Hidden Structures made Visible

Thermography is by now a well-established method in mon­ument preservation for making structures hidden behind walls visible. In Figure 2, the example of a half-timbered house is shown; the faqade has been covered with stucco. The wooden beams and the filler material in the partitions between are clearly visible in the IR image, owing to their differing heat capacities and heat-transfer characteristics.

Thermography is also suited to the detection of other hidden building structures. Among these are the location of bricked-up and plastered-over windows, or finding piping in floor heating systems (Figure 3). Images of this type al­low a view through the floor screed and floor coverings and can therefore serve to locate leaks.

View Factor and Thermal Time Constants

Figure 4 shows two neighboring houses, of which an out­door thermal image was taken around midnight under a clear sky. The house in the background shows distinctly dif­ferent wall temperatures from different areas, for example comparing the areas AR01 and AR03 in the image.

The cause in this case is not different insulation of the wall areas. A correct interpretation can be obtained only by taking into account the so-called view factor [1], which de­scribes the radiation exchange between the walls and neigh­boring objects, the ground, and the night sky. The wall, which faces west, is not screened by any nearby objects, so that its radiation exchange with the cold sky is particularly strong. In technical terms, the night sky has a large view fac­tor. As a result, the outer surface of this wall area (AR01) cools faster than the other wall area AR03, where the view factor of the sky is reduced by the neighboring house.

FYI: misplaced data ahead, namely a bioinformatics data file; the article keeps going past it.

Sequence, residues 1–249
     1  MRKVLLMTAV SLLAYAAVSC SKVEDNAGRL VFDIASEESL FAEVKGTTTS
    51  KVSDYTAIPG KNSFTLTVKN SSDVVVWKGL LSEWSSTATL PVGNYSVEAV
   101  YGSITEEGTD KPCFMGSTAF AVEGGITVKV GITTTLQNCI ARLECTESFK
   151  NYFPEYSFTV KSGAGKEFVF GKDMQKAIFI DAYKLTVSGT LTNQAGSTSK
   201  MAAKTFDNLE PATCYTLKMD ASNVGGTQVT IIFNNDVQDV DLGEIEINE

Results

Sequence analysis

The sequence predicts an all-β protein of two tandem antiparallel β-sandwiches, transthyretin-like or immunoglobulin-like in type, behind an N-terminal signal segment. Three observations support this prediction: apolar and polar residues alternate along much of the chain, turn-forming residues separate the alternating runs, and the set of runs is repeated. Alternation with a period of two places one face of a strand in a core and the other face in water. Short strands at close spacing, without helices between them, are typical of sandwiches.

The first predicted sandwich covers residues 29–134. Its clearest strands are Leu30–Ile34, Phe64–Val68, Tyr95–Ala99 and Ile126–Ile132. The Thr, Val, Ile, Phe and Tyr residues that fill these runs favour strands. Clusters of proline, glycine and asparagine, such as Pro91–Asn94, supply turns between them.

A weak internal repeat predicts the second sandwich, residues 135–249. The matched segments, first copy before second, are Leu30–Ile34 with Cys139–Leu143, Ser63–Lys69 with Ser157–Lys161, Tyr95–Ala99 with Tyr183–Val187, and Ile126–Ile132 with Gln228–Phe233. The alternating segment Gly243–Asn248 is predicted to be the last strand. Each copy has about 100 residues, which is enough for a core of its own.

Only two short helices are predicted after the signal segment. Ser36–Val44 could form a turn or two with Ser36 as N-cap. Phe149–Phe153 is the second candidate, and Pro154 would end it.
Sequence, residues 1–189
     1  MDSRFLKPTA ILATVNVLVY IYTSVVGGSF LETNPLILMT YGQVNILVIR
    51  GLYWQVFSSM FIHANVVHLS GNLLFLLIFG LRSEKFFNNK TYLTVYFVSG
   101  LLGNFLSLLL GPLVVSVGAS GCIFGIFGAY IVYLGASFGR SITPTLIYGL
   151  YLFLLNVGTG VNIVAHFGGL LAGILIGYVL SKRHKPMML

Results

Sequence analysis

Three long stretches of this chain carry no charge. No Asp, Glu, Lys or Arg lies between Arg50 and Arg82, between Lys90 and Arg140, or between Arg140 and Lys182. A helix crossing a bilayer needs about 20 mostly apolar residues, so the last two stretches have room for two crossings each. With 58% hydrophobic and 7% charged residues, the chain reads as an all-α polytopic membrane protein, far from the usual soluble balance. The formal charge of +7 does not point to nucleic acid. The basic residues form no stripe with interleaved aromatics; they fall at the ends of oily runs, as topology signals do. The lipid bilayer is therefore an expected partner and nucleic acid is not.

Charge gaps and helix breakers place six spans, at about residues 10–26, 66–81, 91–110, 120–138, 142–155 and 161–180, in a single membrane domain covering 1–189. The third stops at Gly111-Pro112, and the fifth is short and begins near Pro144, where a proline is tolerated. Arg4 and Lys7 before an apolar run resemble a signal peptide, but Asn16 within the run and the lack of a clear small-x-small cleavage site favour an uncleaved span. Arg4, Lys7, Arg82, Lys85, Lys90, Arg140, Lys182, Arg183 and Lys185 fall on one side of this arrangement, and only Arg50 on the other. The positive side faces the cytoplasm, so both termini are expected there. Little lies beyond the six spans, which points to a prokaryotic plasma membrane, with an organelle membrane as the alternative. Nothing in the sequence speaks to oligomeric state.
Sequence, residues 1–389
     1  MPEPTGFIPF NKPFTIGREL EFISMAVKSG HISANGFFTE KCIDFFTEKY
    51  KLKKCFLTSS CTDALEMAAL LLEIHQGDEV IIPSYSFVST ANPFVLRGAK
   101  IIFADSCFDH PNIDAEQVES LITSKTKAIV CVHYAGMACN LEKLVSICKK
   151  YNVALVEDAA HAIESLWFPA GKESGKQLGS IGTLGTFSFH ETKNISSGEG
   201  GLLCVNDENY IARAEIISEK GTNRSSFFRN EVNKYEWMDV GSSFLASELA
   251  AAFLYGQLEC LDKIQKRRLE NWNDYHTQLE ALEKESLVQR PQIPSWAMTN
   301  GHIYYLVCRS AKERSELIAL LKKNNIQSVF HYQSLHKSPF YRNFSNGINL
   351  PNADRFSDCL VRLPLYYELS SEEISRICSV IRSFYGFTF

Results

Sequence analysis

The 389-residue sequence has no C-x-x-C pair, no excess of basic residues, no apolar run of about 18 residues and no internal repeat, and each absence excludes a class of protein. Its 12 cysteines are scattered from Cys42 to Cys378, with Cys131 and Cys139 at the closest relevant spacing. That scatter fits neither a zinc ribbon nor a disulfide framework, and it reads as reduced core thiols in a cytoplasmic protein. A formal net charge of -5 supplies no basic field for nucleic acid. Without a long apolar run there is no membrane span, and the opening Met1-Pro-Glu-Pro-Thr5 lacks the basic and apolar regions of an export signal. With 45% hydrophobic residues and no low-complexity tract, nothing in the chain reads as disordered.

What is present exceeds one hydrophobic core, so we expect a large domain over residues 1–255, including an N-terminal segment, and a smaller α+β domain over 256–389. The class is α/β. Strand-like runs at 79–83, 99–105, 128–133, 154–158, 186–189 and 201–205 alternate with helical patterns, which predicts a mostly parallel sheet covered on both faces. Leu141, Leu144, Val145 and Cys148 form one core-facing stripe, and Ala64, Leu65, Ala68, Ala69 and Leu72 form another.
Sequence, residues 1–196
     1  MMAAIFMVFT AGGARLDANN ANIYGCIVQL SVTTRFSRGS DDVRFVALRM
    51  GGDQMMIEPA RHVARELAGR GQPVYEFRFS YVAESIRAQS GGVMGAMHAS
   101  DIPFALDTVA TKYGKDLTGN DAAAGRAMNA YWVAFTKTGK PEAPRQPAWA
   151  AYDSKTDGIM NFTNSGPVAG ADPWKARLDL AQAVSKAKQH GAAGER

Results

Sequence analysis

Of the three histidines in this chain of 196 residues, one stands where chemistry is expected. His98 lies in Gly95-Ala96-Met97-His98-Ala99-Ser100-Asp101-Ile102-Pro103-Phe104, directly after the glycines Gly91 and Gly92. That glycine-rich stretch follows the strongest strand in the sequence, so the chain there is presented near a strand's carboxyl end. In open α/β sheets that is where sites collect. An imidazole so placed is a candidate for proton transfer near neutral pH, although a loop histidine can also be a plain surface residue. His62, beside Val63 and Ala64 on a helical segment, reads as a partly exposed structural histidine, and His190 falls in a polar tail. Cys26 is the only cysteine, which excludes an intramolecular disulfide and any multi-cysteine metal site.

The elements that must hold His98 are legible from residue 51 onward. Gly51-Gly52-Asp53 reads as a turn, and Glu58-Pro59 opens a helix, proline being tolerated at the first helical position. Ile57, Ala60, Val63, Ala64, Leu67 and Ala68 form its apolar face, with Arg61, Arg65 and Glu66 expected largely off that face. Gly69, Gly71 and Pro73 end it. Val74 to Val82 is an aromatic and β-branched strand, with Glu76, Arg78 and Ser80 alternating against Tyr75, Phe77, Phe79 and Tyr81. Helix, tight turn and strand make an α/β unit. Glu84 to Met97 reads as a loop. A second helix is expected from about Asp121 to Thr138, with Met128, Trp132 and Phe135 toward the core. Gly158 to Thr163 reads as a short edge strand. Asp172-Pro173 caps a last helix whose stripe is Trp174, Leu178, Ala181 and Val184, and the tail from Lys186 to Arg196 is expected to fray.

House walls with different structures also cool at dif­ferent rates. These different thermal time constants are seen in Figure 4 in comparing the areas AR01 and AR05. The house in the foreground, due to the different composition of its walls, shows a notably higher wall temperature. The insulation of both walls is nevertheless comparable and suf­ficient; this however can be recognized only by analyzing

indoor thermal images. The house in front has a rear ven­tilated facade. Due to the high heat capacity of the stonework facade, it has a much longer thermal time con­stant than the thin stucco layer mounted directly on the in­sulation of the other house. The image thus shows the re­maining heat from solar warming during the previous day.


As we have seen, a correct, detailed interpretation of ther­mographic images is a complex problem, since a number of different factors influence the results of a measurement. Therefore, the very low-priced thermal analyses being of­fered today, for example thermography of a house for only 100 €, must be regarded with some skepticism. Analysis” is here often equivalent to simply taking IR images. The sub­sequent attempts at interpretation of the resulting colorful images without professional experience must then neces­sarily lead to incorrect conclusions.


Thermography of buildings using infrared cameras is becom­ing increasingly popular, as good thermal insulation of hous­es is growing in importance. The resulting garish false-color images contain useful information, but can lead to serious misinterpretation when examined by non-experts. A correct interpretation requires among other things information about the site, shadowing by nearby objects, the weather, and heat­ing of surfaces exposed to the sunlight during previous days. As a rule, interior images are more meaningful. Along with evaluation of thermal insulation, thermography is also use­ful for visualizing hidden structures, such as covered half-tim­bering or heating pipes.